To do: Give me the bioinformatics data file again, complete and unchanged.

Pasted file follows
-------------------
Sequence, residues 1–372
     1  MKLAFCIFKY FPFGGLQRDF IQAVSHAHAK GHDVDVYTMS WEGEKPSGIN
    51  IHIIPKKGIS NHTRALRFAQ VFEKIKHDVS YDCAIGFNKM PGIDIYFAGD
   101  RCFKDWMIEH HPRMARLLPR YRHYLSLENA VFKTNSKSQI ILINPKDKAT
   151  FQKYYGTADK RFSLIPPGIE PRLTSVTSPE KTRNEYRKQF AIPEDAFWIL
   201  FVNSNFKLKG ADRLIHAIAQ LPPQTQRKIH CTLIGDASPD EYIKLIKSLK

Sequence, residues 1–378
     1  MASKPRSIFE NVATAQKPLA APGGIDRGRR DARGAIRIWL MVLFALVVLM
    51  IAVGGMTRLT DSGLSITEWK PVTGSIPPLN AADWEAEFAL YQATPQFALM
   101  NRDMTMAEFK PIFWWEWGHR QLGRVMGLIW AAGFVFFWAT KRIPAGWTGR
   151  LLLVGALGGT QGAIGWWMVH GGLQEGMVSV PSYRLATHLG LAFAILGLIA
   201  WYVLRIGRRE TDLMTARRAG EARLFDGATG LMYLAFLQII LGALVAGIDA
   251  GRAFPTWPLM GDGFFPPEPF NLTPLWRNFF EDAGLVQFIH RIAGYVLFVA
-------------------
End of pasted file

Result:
Sequence, residues 1–372
     1  MKLAFCIFKY FPFGGLQRDF IQAVSHAHAK GHDVDVYTMS WEGEKPSGIN
    51  IHIIPKKGIS NHTRALRFAQ VFEKIKHDVS YDCAIGFNKM PGIDIYFAGD
   101  RCFKDWMIEH HPRMARLLPR YRHYLSLENA VFKTNSKSQI ILINPKDKAT
   151  FQKYYGTADK RFSLIPPGIE PRLTSVTSPE KTRNEYRKQF AIPEDAFWIL
   201  FVNSNFKLKG ADRLIHAIAQ LPPQTQRKIH CTLIGDASPD EYIKLIKSLK

Sequence, residues 1–378
     1  MASKPRSIFE NVATAQKPLA APGGIDRGRR DARGAIRIWL MVLFALVVLM
    51  IAVGGMTRLT DSGLSITEWK PVTGSIPPLN AADWEAEFAL YQATPQFALM
   101  NRDMTMAEFK PIFWWEWGHR QLGRVMGLIW AAGFVFFWAT KRIPAGWTGR
   151  LLLVGALGGT QGAIGWWMVH GGLQEGMVSV PSYRLATHLG LAFAILGLIA
   201  WYVLRIGRRE TDLMTARRAG EARLFDGATG LMYLAFLQII LGALVAGIDA
   251  GRAFPTWPLM GDGFFPPEPF NLTPLWRNFF EDAGLVQFIH RIAGYVLFVA